I never really liked that Andy Grammer song that has become the Coug anthem. I thought it was corny and lame and not a very threatening song to play at football games. However, last Saturday, surrounded by a crowd of students for the first time in well over a year, I finally got it.
The crowd felt the music. Swaying back and forth with the beat, singing in the most hoarse, half-drunk voices imaginable. This was even though a solid half of the students there have not even seen a game in the student section before. WSU has that power over people; no matter how new the tie to the campus might be or how long we’ve been away from the teams we love, being a Coug is intrinsic to who you are.
Things felt right in Pullman for the first time in a long time. It was far from a perfect night, and the ending was certainly disappointing, but it’s hard to overlook the magic in the stadium on September 4th.
Last year was an odd one to be a freshman in Pullman, a town that is built entirely around its college. I’ve grown up a Coug but last year was my first as a student. My dad was a first generation college grad and I’ve known I would end up in Pullman for college since I was a toddler. I had been told stories of how being a Coug changed who my dad was, that there was nothing like school in Pullman.
These expectations weren’t even half met by the experience last year. There were no in-person sports, and about half the student body was not living near campus. It sometimes felt like living in a ghost town with half-empty restaurants, empty gyms, and emptier dorms.
Coming back to Pullman for my sophomore year has been jarring. Suddenly I’m in person for classes, competing with 10 people for a squat rack at the gym, and going to football games again. These first two years are about as different as imaginable from the college life I was sold throughout my life. Saturday’s game was the first time I really felt like a Coug since I enrolled as a student.
This was the first game for two years’ worth of students, so there was an inherently different feel than a normal first game of the year. Usually, only one fourth of the student population is new; this year, it was half. This was seen early on when Butch pointed to either side of the crowd and half the student section had no idea what the hell was going on. People caught on quickly though, figuring out what to do and trying valiantly to be the loudest they could possibly be.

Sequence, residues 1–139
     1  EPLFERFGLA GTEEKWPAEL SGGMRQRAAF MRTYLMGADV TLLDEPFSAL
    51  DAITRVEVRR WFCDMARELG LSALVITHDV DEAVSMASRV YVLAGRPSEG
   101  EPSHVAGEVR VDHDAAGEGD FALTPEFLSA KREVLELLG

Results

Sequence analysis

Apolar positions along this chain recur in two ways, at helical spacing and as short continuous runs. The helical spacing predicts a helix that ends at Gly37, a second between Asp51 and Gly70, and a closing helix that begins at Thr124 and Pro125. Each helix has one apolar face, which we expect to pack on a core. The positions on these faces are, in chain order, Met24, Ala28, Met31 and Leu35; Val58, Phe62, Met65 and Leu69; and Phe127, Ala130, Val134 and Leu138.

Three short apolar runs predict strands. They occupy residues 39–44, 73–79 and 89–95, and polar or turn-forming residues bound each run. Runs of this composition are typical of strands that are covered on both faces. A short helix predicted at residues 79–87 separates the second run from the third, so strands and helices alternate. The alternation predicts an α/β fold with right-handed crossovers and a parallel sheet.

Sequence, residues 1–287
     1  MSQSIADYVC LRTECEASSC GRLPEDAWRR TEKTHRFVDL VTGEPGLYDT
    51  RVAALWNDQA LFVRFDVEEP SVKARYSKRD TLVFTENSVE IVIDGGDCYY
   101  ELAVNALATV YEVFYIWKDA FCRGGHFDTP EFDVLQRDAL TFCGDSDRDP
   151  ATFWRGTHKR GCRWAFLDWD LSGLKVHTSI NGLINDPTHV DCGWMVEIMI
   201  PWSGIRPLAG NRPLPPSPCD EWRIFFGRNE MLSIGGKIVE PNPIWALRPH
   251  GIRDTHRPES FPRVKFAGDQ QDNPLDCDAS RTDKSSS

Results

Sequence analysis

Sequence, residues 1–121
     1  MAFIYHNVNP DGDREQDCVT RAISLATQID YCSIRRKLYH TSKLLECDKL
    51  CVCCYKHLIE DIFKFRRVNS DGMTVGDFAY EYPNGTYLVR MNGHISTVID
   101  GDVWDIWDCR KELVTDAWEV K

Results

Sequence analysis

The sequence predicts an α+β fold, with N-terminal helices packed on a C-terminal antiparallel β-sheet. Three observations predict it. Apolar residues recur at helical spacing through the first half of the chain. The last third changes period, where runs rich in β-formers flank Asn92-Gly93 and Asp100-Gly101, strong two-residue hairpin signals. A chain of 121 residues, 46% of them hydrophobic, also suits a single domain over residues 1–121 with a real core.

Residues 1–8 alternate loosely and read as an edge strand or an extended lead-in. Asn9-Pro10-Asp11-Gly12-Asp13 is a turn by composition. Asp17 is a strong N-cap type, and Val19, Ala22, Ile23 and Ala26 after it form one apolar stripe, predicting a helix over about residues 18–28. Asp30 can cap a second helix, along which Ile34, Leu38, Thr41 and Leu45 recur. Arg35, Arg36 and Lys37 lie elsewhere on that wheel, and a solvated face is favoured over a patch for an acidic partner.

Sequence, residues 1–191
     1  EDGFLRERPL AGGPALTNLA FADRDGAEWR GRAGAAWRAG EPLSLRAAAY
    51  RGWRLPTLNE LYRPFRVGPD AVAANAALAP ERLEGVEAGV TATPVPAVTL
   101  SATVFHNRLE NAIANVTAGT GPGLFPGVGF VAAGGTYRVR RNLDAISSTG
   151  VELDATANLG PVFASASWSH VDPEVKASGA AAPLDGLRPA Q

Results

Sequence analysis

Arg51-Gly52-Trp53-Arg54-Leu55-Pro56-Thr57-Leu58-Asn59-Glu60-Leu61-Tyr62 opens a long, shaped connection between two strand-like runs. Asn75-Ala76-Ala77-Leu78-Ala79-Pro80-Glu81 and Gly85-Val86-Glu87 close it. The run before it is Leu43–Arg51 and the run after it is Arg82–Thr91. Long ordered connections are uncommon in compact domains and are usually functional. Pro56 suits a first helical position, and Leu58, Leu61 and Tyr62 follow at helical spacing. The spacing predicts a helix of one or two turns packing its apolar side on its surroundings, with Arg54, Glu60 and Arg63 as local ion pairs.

By the time “Back Home” burst onto the intercom, everyone was jazzed and excited to scream the lyrics at their top of lungs. This communal excitement was not something felt by the majority of us for a long time, and sharing that moment with an entire student body was special. It felt like things were as they should be in the Palouse.
Was it the same as it was in 2019? Of course not, but if that was an expectation then disappointment was inevitable. Seeing the parking lot filled with trailers again and people excitedly high-fiving outside the gates was enough for me to call it a success. It has been a long time since I have seen that many people smile and celebrate and it was all because of the Coug community being together again. Some places were less busy than expected on a gameday, but it is going to be awhile before comfortability (and vaccination rates) reach a level that would allow complete normality. For where we are right now, the first gameday in two years was a solid success for Pullman and the Coug community.
Now, that is certainly a positive development after a year off, but there was also a palpable fear for me. WSU has reached an impressive 93% vaccination rate (at last count) among its students, but there is still that 7% to worry about and there wasn’t a mask in site. The worry came partially from inexperience. It has been well over a year since I have been that close to that many people and it was a bit nerve wracking.